No.42
No.42, Diplomacy, Discussions  Jan. 18, 2018

Dialogue: Abe Commences Double Postwar Settlement at Russo-Japanese Summit Talks Putin Says That National Borders Can Move

Key Points of the Joint Press Conference held on December 16, 2016 The two leaders agreed to commence negotiations for a special system for carrying out joint economic activities on the four Russian-held Northern Islands. The two leaders expressed their shared willingness to conclude a peace treaty and recognized joint economic activities as a step toward its conclusion. Abe expressed the view that the road to the conclusion of a peace treaty covering the Northern Territories issue remains long and difficult. Why the Islands Were Not Discussed Yamauchi: I think many media reported that as usual, no progress was observed on the Northern Territories issue immediately after Russian President Vladimir Putin had talks with Japanese Prime Minister Abe Shinzo. Sato: To state my conclusion first, I think that the latest Russo-Japanese summit produced significant results for both countries. Yamauchi: I agree with you completely. ... ... [Read more]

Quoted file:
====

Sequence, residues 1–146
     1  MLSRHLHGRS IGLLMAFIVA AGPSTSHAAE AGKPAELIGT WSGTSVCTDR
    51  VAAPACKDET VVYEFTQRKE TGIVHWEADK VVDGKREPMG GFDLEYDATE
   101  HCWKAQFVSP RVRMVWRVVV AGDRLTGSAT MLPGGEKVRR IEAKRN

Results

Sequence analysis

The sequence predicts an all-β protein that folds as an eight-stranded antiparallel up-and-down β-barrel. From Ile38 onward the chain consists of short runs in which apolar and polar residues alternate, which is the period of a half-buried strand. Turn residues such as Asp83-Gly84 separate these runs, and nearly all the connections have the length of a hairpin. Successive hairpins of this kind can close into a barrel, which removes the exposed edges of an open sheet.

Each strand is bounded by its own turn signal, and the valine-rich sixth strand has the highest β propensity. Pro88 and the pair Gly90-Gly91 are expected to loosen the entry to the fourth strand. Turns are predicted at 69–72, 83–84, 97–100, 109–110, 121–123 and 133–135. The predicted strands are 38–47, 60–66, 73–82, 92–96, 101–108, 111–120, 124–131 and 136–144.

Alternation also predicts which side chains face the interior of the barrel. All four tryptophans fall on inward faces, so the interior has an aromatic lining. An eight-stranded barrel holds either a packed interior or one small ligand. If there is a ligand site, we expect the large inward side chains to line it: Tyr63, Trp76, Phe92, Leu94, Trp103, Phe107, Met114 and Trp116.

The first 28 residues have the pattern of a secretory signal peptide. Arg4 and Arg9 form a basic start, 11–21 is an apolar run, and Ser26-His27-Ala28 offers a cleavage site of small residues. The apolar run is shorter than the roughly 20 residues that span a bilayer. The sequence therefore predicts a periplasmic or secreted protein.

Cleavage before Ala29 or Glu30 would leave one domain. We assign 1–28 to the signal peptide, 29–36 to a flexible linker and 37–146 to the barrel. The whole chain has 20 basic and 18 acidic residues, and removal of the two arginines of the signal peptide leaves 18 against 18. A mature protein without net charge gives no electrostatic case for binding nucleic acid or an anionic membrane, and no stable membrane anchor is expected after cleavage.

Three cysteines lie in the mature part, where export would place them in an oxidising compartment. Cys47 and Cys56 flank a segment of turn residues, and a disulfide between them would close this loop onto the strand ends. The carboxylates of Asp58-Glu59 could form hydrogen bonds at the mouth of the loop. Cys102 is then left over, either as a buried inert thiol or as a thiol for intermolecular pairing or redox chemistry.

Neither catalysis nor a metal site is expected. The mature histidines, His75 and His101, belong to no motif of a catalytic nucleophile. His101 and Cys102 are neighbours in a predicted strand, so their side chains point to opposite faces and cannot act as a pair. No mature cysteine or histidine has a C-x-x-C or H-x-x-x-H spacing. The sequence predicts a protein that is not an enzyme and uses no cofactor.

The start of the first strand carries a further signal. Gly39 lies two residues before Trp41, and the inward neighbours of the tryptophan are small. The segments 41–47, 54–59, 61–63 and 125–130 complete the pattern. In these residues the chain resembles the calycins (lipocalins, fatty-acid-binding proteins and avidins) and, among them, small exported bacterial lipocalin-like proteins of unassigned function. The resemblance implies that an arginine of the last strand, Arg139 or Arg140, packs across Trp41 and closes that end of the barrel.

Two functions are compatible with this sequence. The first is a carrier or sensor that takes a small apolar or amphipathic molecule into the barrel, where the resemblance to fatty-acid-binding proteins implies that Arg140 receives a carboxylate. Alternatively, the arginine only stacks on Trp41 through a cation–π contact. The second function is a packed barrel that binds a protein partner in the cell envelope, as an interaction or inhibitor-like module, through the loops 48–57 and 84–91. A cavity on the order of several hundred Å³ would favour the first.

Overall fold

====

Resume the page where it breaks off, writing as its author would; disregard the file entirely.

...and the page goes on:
No.42
No.42, Diplomacy  Jan. 11, 2018

A New Step Forward to “Regions for Japan-Russia Cooperation” — results and challenges from the Japan-Russia summit.

Perhaps because hopes for negotiations between Japan and Russia were so high, there was great disappointment at the results. But when we study the talks in detail, there is evidence for a new stage in the Japan-Russia relationship. So, what is the outlook for these negotiations? It was 15 December 2016. As snow fell on the Yamaguchi Prefecture town of Nagato, a summit was taking place between Prime Minister Abe and President Putin. The event had an unusual start when Putin arrived later than planned, but it was effectively the first official visit to Japan in a year for the Russian president. So, did this “Nagato Summit” succeed, or did it fail? Most of the media reporting on the summit were critical, concluding that a lack of new progress on the territorial negotiations showed failure. To evaluate the summit fairly however, we must understand ... ... [Read more]